Jonah Bank

The Jonah Bank of Wyoming team accepts this year’s Better Business Bureau Torch Award for Ethics in the medium business category on Thursday, April 18 in Loveland, Colorado. Courtesy photo/Better Business Bureau

CHEYENNE – When members of the Jonah Bank of Wyoming team won this year’s Better Business Bureau Torch Award for Ethics in the medium business category, they knew their company was on the right path.

The bank was founded in 2006 by Wyoming natives hoping to support small businesses; the company grew from one branch and seven employees to four branches and nearly 80 employees in just 13 years. Jonah now serves both Casper and Cheyenne residents.

Bank leaders accepted their award at the Better Business Bureau Foundation Serving Northern Colorado and Wyoming’s 21st annual Torch Awards event April 18 in Loveland, Colorado.

Jonah Bank of Wyoming lives by the Cowboy Code, established by James P. Owen, author of “Cowboy Ethics.” This is part of the reason the company is so successful, according to Cidne Skavdahl, Jonah Bank’s marketing director.

“The code is our foundation,” she said. “We have it printed and framed on the walls and offices of each branch, and it drives the decisions we make in our work and personal lives. As long as we do the right thing, you never have to question that you’re living an honest life with integrity.”

The code includes living each day with courage, taking pride in your work and always finishing what you start.

Jonah Bank staff takes pride in supporting local businesses financially and actively participating in their communities. Even when customers fall on hard times, they do their best to provide additional support, Skavdahl said.

“We’ve had customers we’ve helped get back on their feet, rather than just letting them hang to dry,” she said.

Efforts to create an inclusive workplace are also ongoing. Company team building, yoga classes, after-work happy hours and regular surveys to gauge employee satisfaction are just a few ways Jonah Bank leadership supports workers.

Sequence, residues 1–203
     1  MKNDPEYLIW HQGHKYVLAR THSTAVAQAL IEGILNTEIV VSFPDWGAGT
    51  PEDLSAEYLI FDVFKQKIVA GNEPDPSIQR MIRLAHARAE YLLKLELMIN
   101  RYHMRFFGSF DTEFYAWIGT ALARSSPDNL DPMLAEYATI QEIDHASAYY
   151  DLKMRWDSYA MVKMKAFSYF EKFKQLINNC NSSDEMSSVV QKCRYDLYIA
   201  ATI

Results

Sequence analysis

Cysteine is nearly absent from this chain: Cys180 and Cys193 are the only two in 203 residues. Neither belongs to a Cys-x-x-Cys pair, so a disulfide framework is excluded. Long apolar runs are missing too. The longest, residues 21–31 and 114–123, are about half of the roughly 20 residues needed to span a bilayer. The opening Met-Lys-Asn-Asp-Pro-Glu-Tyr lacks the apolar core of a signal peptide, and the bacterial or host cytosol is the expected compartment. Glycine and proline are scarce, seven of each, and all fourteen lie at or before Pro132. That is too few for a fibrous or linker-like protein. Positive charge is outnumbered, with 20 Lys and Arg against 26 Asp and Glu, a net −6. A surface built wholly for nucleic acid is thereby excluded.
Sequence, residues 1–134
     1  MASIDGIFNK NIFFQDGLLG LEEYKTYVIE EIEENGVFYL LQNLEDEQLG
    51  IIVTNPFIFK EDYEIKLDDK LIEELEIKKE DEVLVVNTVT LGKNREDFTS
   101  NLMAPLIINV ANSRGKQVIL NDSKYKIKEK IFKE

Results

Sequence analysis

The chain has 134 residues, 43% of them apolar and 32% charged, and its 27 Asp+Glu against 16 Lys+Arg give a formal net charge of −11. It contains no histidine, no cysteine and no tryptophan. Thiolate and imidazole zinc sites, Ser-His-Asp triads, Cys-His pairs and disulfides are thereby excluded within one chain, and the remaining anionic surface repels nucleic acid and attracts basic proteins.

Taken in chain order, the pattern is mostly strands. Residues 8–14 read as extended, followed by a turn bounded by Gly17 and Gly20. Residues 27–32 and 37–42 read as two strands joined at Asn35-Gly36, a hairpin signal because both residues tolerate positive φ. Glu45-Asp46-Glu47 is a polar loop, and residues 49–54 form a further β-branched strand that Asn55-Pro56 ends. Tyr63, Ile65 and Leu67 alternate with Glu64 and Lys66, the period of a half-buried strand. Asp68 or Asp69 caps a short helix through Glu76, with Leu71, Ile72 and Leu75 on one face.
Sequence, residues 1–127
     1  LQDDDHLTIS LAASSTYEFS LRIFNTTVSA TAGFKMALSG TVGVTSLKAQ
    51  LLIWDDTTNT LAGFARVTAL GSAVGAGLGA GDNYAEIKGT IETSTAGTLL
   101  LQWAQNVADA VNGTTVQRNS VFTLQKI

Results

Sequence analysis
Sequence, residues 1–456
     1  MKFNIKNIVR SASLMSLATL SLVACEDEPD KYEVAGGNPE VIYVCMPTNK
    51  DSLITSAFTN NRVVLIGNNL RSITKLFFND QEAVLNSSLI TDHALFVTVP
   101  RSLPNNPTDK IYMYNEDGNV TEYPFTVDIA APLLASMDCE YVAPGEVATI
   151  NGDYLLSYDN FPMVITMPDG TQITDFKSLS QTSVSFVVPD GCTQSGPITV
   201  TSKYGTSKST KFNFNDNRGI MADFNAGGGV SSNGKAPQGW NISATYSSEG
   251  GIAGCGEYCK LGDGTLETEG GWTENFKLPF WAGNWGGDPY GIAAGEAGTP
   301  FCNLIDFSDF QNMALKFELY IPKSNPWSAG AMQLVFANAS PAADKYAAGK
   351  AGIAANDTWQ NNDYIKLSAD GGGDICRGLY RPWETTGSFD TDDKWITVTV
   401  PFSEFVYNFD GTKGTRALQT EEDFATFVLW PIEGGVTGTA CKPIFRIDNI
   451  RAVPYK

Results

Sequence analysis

“We know that when you feel better about yourself, you’re going to perform better at work,” Skavdahl said. “It’s about appreciating people and the jobs we do.”

Torch Award winners are all nominated by members of their community. They’re evaluated and judged by an independent panel of board members and past Torch Award winners who review entries based on commitment to ethical practices.

Businesses are nominated by peers, employees, colleagues and customers. They’re then vetted to confirm they’re in good standing with BBB and free of advertising issues and government actions. Nominees that pass vetting are then invited to apply for the award, which involves working with a team of students from the University of Wyoming, Colorado State University and the University of Northern Colorado to prepare the application for judging.

“We sat down with our UW student team, answered a bunch of questions and sent them samples. Then, they wrote a paper about it to present to the BBB,” Skavdahl said.

That submission won the award for best university paper.

“It was exciting for us and them,” she said. “And what a great opportunity for them to be able to work with the company. They went above and beyond.

“This was a nice reassurance that we are moving in the right direction.”

This year’s overall Torch Award winners were:

Small business category: AGPROfessionals in Greeley, Colorado

Medium business category: Jonah Bank of Wyoming in Cheyenne and Casper

Large business category: Halladay Motors in Cheyenne

Nonprofit category: Fort Collins Habitat for Humanity in Fort Collins, Colorado

Nominations for the 2020 BBB Torch Awards for Ethics are now open. To nominate a business or nonprofit, visit The deadline is June 30.

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